When it comes to buying or selling startup stock, it’s important to understand the difference between par value and market value. In this post, we’ll explore the concept of par value for startup stock, including how it’s set, what it means for investors and a framework for par value in startups.
Understanding Par Value and Market Value for Startup Stock
Par value is the minimum share price, while market value is the current trading price.
Par value is set in the certificate of incorporation. For most startups, the par value is set incredibly low, generally $0.0001 or $0.00001 per share. This allows founders and early employees to purchase or receive shares for a nominal value.
However, if investors believe in the company’s growth potential, they may be willing to pay more per share than the par value. Startups will issue shares to investors at a price higher than par value. For instance, it would not be uncommon for the price per share in a Series A to exceed $3.00 per share while the par value remains at $0.00001 per share.
It’s important for companies and investors alike to understand the difference between par value and market value when buying or selling startup stock.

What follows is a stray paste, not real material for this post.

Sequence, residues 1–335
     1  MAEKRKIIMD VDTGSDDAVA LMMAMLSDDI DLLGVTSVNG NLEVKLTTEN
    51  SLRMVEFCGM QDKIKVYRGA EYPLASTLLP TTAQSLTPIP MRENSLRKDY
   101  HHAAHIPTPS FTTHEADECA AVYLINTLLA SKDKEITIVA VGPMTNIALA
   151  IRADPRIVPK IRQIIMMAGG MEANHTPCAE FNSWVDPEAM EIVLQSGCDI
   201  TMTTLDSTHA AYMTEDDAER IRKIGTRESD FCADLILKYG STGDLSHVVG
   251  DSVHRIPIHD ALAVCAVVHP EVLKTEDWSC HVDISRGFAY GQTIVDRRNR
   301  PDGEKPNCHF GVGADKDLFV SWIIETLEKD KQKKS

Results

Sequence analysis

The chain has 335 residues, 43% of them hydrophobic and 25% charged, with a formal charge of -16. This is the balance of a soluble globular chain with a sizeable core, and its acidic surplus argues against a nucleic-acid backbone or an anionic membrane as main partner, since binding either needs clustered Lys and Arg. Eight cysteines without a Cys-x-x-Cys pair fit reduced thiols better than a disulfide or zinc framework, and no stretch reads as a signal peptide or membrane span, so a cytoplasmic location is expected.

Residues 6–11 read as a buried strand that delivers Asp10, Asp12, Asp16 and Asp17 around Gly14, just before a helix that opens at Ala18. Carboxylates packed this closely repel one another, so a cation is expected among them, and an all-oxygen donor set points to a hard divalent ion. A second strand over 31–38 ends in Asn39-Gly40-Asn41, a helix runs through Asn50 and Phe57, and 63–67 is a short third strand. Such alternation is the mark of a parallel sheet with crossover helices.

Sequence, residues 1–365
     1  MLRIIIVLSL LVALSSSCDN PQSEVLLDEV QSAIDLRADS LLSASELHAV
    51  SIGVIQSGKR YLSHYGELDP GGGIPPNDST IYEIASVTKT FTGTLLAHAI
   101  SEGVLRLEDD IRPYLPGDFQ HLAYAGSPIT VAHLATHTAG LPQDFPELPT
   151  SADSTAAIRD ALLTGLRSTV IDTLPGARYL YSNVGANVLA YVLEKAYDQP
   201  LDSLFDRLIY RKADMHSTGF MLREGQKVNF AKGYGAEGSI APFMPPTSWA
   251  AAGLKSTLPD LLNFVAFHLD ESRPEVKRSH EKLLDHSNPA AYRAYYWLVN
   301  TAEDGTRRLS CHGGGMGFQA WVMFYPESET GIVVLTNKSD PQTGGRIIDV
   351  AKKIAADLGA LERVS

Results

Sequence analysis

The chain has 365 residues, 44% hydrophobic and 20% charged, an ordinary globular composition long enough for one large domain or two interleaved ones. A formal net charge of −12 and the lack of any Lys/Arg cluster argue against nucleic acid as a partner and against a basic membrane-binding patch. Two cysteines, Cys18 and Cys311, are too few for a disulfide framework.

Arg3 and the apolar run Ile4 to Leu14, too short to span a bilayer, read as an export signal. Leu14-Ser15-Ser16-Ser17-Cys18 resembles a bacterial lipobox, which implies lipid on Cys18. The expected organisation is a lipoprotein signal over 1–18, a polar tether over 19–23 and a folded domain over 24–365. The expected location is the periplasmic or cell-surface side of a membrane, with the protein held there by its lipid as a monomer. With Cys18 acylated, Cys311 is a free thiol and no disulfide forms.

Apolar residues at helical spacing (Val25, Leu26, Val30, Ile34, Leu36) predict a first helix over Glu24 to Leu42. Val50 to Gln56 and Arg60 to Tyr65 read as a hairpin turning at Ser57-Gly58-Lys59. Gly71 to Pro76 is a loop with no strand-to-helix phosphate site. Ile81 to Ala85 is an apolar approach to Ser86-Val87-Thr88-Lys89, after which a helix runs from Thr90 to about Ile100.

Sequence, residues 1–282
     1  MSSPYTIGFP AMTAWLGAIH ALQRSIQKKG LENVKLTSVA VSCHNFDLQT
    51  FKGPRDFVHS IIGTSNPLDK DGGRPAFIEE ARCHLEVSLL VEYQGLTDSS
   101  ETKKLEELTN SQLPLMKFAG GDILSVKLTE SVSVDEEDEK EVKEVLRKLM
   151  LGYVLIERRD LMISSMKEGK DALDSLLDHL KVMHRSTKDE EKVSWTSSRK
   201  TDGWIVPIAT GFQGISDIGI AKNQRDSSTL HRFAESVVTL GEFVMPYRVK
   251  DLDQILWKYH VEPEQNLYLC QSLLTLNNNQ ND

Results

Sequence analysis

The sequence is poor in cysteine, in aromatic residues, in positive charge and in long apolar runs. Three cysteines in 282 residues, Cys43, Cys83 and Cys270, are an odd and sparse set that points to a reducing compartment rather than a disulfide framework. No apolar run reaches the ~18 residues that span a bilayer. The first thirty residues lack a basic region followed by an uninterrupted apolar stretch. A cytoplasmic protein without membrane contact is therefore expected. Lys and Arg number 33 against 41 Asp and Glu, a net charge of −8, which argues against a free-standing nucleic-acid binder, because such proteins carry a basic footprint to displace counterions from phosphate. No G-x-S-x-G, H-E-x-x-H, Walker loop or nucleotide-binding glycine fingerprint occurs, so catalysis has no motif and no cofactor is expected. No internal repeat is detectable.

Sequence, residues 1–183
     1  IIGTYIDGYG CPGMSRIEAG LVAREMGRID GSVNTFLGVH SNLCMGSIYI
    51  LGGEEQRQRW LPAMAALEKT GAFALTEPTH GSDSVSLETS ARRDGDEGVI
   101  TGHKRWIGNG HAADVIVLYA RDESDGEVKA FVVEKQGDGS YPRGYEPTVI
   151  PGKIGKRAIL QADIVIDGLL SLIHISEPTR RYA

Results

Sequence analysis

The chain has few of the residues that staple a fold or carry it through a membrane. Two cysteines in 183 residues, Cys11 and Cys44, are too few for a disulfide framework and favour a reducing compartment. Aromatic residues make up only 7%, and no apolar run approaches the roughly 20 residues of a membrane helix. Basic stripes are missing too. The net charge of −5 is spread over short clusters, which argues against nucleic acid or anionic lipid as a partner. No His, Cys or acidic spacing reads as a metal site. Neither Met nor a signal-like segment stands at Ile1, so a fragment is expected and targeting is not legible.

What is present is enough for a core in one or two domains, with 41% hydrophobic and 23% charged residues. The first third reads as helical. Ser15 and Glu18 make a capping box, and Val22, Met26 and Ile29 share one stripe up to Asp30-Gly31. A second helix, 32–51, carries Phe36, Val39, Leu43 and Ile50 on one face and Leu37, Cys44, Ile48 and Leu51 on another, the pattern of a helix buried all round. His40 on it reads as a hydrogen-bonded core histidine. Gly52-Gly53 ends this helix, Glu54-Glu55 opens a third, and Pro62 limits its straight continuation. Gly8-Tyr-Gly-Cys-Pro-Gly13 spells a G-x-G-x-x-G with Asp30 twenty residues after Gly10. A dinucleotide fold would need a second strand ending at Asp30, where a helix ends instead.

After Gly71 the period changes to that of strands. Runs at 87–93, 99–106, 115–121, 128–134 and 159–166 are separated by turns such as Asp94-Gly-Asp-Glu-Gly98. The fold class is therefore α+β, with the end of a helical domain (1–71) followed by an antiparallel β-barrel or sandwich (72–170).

A Framework for Par Values for Startup Stock
Setting a par value for startup stock is not a one-size-fits-all approach. Different companies use varying values to set their par value. For instance, a company might set the par value at $0.0001 per share, while another might choose a slightly higher value, such as $0.01 per share. A common framework is that the total market capitalization (par value x authorized shares) should equal $100. Using that framework:
- If there are 10 million authorized shares, the par value should be $0.00001 per share.
- If there are 1 million authorized shares, the par value should be $0.0001 per share.
In conclusion, by setting a par value, companies can issue shares at a nominal value to founders and early employees while still allowing for potential future growth in share price.